Automation

Strangers are looking at your data for pennies

A bunch of apps are uploading detailed receipts for transcription by remote workers.

Automation

Manual labor

Automation

Strangers are looking at your data for pennies

A bunch of apps are uploading detailed receipts for transcription by remote workers.

Over the Thanksgiving holiday, Rochelle LaPlante stumbled across a stranger’s Uber receipt as part of a task posted on Amazon’s Mechanical Turk, a remote labor marketplace where anyone can sign up to complete tasks for a few cents each.

This particular Uber receipt included a person’s full name and the addresses where they had been picked up and dropped off. This task was to transcribe information from the receipt so it could be parsed by Expensify, an app that automates filing expenses through a feature called SmartScan. Take a picture of the receipt and SmartScan will extract the merchant name and total, making the process of filing your expenses faster and easier. Expensify says this process is mostly done by computers, but sometimes when the computers cannot read a receipt, the job falls to human workers.

LaPlante, a longtime Mechanical Turk worker who is also a co-owner and co-admin of the Mechanical Turk worker forum MTurk Crowd, set off a debate with her tweet: “I wonder if Expensify SmartScan users know MTurk workers enter their receipts,” she mused.

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Another Twitter user reported seeing “boarding passes, hotel receipts (name, dates, details), medical receipts, addresses, signatures” in the receipts posted on Mechanical Turk.

“I've seen the Expensify tasks posted over the last few months but didn't check them out until this past week,” LaPlante told me in a Twitter DM. She knew the tasks came from Expensify because they were hosted on expensify.com and the requester was listed as Expensify Infra. Workers were paid between 10 and 12 cents for a set of six receipts or between 1.6 and 2 cents per receipt, she said, with at least one instance where workers were paid 17 cents for six receipts, or about 2.8 cents per receipt.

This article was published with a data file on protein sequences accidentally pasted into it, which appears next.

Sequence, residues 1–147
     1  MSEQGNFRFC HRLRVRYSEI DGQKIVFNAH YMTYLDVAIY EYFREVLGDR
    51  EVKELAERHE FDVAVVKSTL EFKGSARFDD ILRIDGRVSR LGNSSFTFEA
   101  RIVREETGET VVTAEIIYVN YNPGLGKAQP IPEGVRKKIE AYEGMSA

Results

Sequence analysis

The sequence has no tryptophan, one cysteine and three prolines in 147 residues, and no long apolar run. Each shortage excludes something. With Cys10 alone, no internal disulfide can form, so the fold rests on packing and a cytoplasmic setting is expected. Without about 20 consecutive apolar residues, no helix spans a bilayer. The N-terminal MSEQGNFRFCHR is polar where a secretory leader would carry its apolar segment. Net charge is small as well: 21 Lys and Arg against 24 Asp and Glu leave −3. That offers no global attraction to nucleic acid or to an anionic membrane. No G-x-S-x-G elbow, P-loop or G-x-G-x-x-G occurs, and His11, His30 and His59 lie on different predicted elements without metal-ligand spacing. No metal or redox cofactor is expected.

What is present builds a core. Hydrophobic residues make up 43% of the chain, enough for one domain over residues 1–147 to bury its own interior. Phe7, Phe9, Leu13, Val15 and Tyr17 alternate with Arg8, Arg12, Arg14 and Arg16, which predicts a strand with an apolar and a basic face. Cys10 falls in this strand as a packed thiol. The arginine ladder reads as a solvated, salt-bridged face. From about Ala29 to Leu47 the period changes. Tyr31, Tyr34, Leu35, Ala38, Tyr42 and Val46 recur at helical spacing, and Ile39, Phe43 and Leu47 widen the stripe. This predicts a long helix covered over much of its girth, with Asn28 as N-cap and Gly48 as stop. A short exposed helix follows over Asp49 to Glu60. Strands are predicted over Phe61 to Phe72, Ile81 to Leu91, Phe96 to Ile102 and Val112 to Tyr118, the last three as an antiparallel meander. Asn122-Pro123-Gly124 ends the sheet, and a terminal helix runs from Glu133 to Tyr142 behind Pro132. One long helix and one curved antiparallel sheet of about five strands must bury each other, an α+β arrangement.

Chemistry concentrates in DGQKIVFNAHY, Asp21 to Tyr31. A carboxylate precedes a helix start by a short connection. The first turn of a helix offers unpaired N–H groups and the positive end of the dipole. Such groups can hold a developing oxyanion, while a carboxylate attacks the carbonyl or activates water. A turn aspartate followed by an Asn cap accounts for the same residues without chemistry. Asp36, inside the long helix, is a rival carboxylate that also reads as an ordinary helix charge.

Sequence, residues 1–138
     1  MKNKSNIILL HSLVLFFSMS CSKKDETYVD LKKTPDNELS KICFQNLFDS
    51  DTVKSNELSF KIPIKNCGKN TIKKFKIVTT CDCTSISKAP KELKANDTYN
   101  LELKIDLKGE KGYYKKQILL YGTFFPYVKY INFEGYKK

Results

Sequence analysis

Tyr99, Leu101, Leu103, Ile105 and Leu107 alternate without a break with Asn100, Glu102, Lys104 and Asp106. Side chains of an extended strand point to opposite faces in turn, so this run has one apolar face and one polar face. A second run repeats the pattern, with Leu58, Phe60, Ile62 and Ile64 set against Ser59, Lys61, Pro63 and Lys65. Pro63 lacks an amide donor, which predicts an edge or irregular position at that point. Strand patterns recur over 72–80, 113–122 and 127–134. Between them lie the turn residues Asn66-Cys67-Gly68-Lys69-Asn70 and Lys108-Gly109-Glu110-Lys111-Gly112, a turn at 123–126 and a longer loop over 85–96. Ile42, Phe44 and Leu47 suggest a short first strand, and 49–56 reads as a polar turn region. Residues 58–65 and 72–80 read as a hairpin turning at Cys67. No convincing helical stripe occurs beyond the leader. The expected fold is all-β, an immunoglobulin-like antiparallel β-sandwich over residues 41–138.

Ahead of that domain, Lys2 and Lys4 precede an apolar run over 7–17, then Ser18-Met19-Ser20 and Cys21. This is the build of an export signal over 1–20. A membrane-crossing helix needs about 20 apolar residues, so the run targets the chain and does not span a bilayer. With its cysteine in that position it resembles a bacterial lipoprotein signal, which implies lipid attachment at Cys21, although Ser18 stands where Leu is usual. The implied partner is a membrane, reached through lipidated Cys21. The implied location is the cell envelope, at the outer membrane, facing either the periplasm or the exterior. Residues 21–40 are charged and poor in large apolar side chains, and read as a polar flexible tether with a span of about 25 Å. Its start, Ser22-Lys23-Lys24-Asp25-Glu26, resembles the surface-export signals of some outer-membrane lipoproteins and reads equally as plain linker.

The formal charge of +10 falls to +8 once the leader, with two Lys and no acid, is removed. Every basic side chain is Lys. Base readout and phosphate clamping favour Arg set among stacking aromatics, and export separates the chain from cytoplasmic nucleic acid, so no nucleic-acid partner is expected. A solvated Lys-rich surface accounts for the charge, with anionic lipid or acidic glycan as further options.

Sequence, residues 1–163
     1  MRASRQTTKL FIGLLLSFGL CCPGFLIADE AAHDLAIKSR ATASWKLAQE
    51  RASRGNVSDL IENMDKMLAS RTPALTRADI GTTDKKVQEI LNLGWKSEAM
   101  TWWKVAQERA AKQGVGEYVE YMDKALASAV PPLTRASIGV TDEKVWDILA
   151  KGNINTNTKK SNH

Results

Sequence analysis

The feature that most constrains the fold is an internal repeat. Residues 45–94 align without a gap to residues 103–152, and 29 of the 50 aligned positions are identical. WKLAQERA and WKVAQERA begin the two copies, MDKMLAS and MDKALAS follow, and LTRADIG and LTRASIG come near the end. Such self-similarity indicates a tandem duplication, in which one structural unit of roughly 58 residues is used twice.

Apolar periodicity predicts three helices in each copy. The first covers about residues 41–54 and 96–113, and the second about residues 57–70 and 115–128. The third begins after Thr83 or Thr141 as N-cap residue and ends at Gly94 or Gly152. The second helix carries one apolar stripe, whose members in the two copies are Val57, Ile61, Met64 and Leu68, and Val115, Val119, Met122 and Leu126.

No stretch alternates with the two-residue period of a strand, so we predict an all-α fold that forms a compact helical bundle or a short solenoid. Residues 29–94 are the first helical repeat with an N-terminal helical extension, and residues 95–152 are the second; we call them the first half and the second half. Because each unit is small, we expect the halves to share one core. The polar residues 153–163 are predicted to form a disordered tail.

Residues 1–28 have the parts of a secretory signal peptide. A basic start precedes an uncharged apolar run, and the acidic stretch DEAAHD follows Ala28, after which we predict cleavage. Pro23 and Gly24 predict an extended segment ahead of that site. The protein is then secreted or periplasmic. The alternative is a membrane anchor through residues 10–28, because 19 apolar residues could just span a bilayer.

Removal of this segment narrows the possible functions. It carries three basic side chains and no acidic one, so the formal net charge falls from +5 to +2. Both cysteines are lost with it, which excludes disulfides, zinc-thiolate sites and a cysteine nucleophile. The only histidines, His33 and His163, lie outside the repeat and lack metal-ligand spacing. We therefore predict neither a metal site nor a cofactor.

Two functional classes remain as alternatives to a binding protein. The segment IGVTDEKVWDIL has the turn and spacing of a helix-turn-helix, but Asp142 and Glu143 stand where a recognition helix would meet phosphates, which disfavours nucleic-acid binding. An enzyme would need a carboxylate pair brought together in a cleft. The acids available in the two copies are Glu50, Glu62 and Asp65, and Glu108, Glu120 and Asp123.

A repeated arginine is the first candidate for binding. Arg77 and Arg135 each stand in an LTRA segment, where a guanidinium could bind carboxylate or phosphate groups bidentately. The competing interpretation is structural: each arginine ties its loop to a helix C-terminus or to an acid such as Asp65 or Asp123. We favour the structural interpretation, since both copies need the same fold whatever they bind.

This all may come as a surprise to the average user, who often assumes that their data is being analyzed by a computer, not a human. Even if you are someone who is embedded in this world of microwork, it can be jarring to see such granular identifying details.

The term “automation” implies work done by machines. But today automation often means an anonymous person doing the work for pennies. It isn’t just Expensify that relies on human workers to transcribe some receipts: LaPlante tweeted that “other receipt apps like Ibotta, Receipt Hog, Snap Save, etc. They also all use MTurk.”

And receipts apps aren’t the only ones using workers for “automation.” In 2015, Motherboard reported that voice commands addressed to Samsung Galaxy phones were being checked against their speech-to-text transcriptions by human workers on the labor marketplace Crowdflower. These workers were paid one cent per ten recordings.

This is why the name Mechanical Turk, a reference to the illusion that toured Europe in the 18th century, is so perfect. The original Mechanical Turk was an elaborate setup in which a dummy attached to a cabinet would play chess against a human. Supposedly, the dummy was powered by a computer; in fact, there was a person inside the machine who would move the pieces from below.

Expensify said in 2013 that it had stopped using Mechanical Turk and started using its own tech instead. “Expensify tried Mechanical Turk in the past, however we stopped using that service and have developed our own solution,” Ryan Schaffer, Expensify’s director of marketing and strategy, wrote on Quora. “This consists mostly of receipt parsing automation as well as OCR [optical character recognition] and is backed by human review in the case of reading failure.” On its website, Expensify says “If our OCR technology can't read the receipt, we will make sure it's flagged for human review by one of our secure technicians,” as noted by David Artiss at The Big Tech Question.

After LaPlante and other Turkers highlighted the practice, Expensify responded with a blog post announcing an upcoming feature called Private SmartScan that will allow employers to hand-pick the Mechanical Turkers who process their employees’ receipts. This solution has one obvious problem, which is that it puts the onus on the employer to enroll in the new program and pay extra, even though it is individual employees whose information is potentially being exposed.

There is one solution for employees who are uncomfortable with this aspect of Expensify: Do not use SmartScan. Employees can enter information from their receipts by hand, which means there is no need to ship data to Mechanical Turkers. Of course, in order to do this, employees would have to first understand that automation often doesn’t mean what they think it means.

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